By Tyler Curry
Originally published on Advocate.com January 10 2014 6:00 AM ET
More and more frequently we are hearing the rumblings of HIV research that seems to be getting oh-so-close to that small but powerful word: cure.
Last year, plenty of attention was paid to vaccine trials and scientific breakthroughs in social media, causing quite a discussion. There were reports of two Boston men who were seemingly cured of the virus after a bone marrow transplant. The buzz sparked a wildfire among those invested in the HIV epidemic, and an AIDS-free society felt more tangible than ever. But with hope comes skepticism, and many pointed out that some of the specific research was flawed in this way or that way, and much more work is to be done until a cure is found. Even so, it is now a popular belief that one day people living with HIV may just be, well, living … without any label or pretense.
Yet it’s hard to believe that any simple pill or shot could fully restore a person to who they were before that fateful day when they first heard "You are HIV-positive." And in my case, at least, I am not so sure I would want it to.
To be fully cured of HIV would suggest that the virus is purely a physical one and that all symptoms could be ameliorated with one vaccine or a definitive cure. As we head toward the fourth decade of epidemic, we know that HIV is just as much of a psychological disease as it is physiological. So when the body is healed from this horrid virus, what residual side effects will linger in the mind?
Prior to being diagnosed, the stigma of HIV can seem to exist inside of a bubble. No matter how sensitive you are to the issue, it is one that stays on the periphery of your world. For me, there was always an unconscious feeling of immunity even though I was clearly aware of the reality of transmission. Although many individuals who are negative work just as hard to end the stigma surrounding the virus, there will always be a disconnect with what "stigma" actually means. And I am so thankful for that.
Post-positive, the bubble that held all of the fears, assumptions and misconceptions concerning HIV no longer stays safely separated from logic and reason. Once diagnosed, you become instantaneously terrified that someone you know will notice the transparent film that superficially separates you from everyone else. Now you assume the worst about your friends. You assume they are ignorant — that they will judge you and consider you less than them. This is often because you simply never approached the topic with the people in your life before and now you believe the worst. This is psychology that often permeates the mindset of newly positive men and women. And if it is left untreated, an individual will stay in this headspace for years causing severe damage to their psyche.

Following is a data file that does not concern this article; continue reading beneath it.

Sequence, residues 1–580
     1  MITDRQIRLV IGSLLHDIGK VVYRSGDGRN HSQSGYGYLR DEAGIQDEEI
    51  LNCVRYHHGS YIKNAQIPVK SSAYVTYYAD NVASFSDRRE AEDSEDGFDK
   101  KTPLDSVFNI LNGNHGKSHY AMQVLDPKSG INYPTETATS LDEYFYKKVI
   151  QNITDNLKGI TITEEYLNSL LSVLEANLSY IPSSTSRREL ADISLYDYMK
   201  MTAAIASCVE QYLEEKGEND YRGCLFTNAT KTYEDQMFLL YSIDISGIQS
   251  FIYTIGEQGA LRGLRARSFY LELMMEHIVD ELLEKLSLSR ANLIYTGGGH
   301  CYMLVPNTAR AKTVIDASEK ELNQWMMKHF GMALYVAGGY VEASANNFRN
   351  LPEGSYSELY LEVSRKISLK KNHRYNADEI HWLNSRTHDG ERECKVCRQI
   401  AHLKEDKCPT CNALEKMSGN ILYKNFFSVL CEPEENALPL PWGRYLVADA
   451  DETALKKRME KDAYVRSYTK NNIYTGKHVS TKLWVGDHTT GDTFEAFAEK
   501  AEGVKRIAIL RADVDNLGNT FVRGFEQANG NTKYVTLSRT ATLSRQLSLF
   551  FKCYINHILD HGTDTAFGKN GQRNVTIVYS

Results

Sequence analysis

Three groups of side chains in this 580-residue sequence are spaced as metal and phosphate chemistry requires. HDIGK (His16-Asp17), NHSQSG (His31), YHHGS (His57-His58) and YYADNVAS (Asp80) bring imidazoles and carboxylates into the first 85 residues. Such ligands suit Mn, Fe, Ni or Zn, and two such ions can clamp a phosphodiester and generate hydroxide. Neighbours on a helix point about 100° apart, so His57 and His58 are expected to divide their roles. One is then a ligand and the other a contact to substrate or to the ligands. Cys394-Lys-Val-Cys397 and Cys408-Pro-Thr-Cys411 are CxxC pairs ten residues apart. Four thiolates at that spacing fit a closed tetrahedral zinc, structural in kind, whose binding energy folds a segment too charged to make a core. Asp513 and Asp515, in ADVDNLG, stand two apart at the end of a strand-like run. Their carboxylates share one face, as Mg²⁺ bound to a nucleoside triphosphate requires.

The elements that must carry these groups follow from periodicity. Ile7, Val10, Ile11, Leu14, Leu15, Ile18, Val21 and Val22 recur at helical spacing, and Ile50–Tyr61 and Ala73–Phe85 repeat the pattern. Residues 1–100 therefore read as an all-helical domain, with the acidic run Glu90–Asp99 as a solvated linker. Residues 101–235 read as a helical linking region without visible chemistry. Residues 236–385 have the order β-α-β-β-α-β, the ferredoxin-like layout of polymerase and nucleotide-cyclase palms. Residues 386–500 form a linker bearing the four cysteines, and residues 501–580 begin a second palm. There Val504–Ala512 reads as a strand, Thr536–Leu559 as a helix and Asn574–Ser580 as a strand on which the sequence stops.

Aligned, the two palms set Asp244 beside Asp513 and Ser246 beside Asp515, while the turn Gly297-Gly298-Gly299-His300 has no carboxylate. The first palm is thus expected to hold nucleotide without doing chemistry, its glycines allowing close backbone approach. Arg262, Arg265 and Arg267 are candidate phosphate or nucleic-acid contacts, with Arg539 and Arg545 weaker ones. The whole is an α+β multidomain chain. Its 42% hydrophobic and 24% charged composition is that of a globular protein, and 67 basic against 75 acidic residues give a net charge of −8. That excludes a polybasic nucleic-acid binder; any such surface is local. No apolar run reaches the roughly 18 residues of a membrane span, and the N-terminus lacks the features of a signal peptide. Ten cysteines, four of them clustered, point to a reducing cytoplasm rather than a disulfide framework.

Even if a person chooses to live an open life with HIV, there is still the slut-shaming. No matter how a person has contracted the virus, they will inevitably endure a healthy amount of character assumptions from acquaintances. If they choose to keep it quiet, it is because they are trying to avoid being labeled a default skank who deserved what they got. Of course, there are many HIV-negative people who deplore this kind of thinking, but look at any national story regarding HIV and you will find it blaring in the comments section.
OK, so this is all of the negative that comes with being HIV-positive. But there are symptoms that arise from being diagnosed that are truly life-changing in the best way.
HIV isn’t the only scarlet letter that people in our society have to bear. There are countless groups of people who we constantly make assumptions about that deserve to be recognized for their individual worth instead of their demographic or disease checkbox. In most cases, HIV is a disease of the human condition, and a side effect of living with the virus is allowing other people to make human error without requiring that they wear that error on their forehead.
If an HIV-positive person is single, it is inevitable that they will run into at least a few instances of rejection because the other person fears them for one reason or another. In the gay community, this fear is often based on ignorance surrounding the disease and how it is transmitted. But to be able to understand that and not take it personally is practically impossible when you are in the moment. Many people experience periods of low self-confidence and self-worth until they find their way back to loving themselves again.
So, if tomorrow there were a cure for HIV, would the guy who once rejected you now want to go on a date? Would the friend who felt uncomfortable around you call you up for coffee again? Maybe. But the symptoms that linger from the virus will most likely keep you from accepting these dum-dum invites. One thing that will always remain is that you will know you deserve better than someone who would deny you for being positive, regardless of if you have been cured or not.
One day, we will have a cure for HIV. But those who have taken a journey with the virus will forever be changed. It would be a travesty to forget the physical and emotional battle that so many people lost to get us to the end of this epidemic. Fortunately, no vaccine can erase our memories or make us forget the struggles that defined a movement.
In the future, I will no longer have to write about HIV stigma in the present. But this epic battle of both the body and the mind is definitely one for the history books.
So, here’s to the cure. And for all of us to be able to eventually say…
TYLER CURRY created the Needle Prick Project as an editorial and visual campaign to elicit a candid and open conversation on what it means to be HIV-positive today. To learn more about the Needle Prick Project, visit Facebook.com/getpricked or follow Tyler Curry on Facebook or Twitter at @iamtylercurry.